Friday, November 7, 2008

Energy Direction

"Make way for millions of new community organizers."

Nicholas D. Kristof, "The Obama Dividend," New York Times, November 6, 2008

Every grassroots political campaign faces the inevitable challenge after victory of where and how to direct all that grassroots energy it drummed up. How to keep the campaign spirit and engagement is the question that is asked while candidates transition to legislate or govern. There have been few satisfying answers to this question over the years.

President-elect Obama has two groups of activists he might want to think about. The first group comprises all those people in his campaign who went door-to-door, set-up offices, and organized rallies and events. An electoral campaign is not community organizing per se, although it uses many of the techniques of community organizing. I hope these activists adopt or jumpstart local and regional campaigns in the spirit of the Obama campaign and/or build a pipeline and capacity for expanding the pool of progressive candidates and officials.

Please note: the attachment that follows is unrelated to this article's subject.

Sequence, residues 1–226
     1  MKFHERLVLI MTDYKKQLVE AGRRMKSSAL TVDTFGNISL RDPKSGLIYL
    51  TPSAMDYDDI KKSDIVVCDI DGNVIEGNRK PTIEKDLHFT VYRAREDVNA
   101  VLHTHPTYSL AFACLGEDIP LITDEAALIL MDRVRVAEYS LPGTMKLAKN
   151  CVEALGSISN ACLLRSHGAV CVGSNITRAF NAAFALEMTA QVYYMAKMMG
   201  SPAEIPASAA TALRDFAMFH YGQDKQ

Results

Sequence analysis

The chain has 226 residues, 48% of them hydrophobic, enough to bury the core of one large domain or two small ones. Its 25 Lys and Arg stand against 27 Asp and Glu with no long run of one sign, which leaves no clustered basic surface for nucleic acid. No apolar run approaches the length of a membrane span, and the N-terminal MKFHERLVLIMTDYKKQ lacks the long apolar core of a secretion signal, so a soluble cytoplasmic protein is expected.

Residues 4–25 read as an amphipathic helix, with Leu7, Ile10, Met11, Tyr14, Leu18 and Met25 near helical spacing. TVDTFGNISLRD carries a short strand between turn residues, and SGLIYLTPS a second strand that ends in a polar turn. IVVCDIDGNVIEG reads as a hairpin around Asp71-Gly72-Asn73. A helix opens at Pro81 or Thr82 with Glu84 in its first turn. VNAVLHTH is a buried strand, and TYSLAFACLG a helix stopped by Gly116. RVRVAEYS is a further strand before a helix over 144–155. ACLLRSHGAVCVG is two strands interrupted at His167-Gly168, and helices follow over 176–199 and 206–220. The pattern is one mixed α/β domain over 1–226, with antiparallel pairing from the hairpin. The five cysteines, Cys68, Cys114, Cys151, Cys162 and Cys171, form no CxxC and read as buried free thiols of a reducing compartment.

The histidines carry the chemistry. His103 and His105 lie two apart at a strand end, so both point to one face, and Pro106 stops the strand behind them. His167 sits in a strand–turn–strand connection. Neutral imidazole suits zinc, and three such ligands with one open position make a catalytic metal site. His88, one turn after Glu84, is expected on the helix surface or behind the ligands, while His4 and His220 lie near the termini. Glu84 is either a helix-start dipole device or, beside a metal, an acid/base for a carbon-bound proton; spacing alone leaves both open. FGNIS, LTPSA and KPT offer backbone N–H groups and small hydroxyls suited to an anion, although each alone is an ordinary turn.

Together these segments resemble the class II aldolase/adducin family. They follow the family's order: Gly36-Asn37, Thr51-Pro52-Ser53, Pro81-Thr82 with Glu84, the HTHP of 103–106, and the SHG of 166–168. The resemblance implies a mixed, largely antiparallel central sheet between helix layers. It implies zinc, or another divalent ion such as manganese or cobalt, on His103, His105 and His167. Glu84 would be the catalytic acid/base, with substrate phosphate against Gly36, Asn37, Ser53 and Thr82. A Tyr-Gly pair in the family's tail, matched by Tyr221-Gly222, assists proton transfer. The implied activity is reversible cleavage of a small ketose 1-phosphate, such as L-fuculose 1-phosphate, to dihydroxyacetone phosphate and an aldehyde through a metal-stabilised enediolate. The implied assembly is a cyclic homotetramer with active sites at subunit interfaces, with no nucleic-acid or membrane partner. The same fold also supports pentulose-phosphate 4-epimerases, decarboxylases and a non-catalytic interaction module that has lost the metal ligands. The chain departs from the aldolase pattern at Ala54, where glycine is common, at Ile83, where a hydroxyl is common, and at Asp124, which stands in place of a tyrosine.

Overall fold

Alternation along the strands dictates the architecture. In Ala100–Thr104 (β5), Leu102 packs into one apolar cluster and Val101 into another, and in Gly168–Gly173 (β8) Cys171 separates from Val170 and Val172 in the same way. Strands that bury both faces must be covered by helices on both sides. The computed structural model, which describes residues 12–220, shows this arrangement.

The second group is all those people, many of them young and new voters, who have been inspired by the unique voice and agenda of President-elect Obama. Much like in the 1960s, this group may want expanded opportunities for national service. There are a lot of old and new ideas out there about how to do this. In my mind, I hope that Obama puts together a Green Corp that works as a kind of energy independence and sustainable economy extension and outreach service for cities and regions. We need to figure out ways to seed household conservation, urban agriculture, and community solutions as the big picture gets attention.

We should remember too that good community organizers are talented at inventing their own next round.

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